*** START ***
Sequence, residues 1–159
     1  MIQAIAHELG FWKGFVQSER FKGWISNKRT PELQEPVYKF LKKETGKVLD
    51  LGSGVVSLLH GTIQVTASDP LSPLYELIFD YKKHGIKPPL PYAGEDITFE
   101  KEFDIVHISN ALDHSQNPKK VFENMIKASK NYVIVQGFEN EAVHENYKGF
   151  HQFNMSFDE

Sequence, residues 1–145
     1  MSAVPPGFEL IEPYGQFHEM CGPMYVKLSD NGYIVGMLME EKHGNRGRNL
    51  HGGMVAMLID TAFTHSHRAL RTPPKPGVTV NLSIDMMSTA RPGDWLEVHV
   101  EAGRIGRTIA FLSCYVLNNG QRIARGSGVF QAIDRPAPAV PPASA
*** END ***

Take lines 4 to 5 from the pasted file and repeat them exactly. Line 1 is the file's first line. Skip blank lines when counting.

   101  KEFDIVHISN ALDHSQNPKK VFENMIKASK NYVIVQGFEN EAVHENYKGF
   151  HQFNMSFDE